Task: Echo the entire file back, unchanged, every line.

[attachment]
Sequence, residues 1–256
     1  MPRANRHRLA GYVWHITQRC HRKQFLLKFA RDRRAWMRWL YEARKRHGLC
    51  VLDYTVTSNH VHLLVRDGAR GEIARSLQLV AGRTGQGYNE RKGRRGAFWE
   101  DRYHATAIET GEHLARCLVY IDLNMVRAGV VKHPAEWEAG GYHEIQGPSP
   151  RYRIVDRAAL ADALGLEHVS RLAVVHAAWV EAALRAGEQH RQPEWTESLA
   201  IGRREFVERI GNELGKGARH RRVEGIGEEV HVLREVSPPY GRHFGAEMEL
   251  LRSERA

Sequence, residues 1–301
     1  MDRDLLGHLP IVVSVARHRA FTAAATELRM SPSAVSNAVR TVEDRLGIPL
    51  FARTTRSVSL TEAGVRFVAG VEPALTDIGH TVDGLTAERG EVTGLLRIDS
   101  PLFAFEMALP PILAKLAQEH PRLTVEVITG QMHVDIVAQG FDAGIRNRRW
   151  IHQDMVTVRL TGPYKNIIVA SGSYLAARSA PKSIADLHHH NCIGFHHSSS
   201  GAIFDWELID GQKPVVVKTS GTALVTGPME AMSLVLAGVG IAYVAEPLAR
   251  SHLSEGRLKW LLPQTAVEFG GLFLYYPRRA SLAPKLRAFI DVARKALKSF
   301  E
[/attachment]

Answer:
Sequence, residues 1–256
     1  MPRANRHRLA GYVWHITQRC HRKQFLLKFA RDRRAWMRWL YEARKRHGLC
    51  VLDYTVTSNH VHLLVRDGAR GEIARSLQLV AGRTGQGYNE RKGRRGAFWE
   101  DRYHATAIET GEHLARCLVY IDLNMVRAGV VKHPAEWEAG GYHEIQGPSP
   151  RYRIVDRAAL ADALGLEHVS RLAVVHAAWV EAALRAGEQH RQPEWTESLA
   201  IGRREFVERI GNELGKGARH RRVEGIGEEV HVLREVSPPY GRHFGAEMEL
   251  LRSERA

Sequence, residues 1–301
     1  MDRDLLGHLP IVVSVARHRA FTAAATELRM SPSAVSNAVR TVEDRLGIPL
    51  FARTTRSVSL TEAGVRFVAG VEPALTDIGH TVDGLTAERG EVTGLLRIDS
   101  PLFAFEMALP PILAKLAQEH PRLTVEVITG QMHVDIVAQG FDAGIRNRRW
   151  IHQDMVTVRL TGPYKNIIVA SGSYLAARSA PKSIADLHHH NCIGFHHSSS
   201  GAIFDWELID GQKPVVVKTS GTALVTGPME AMSLVLAGVG IAYVAEPLAR
   251  SHLSEGRLKW LLPQTAVEFG GLFLYYPRRA SLAPKLRAFI DVARKALKSF
   301  E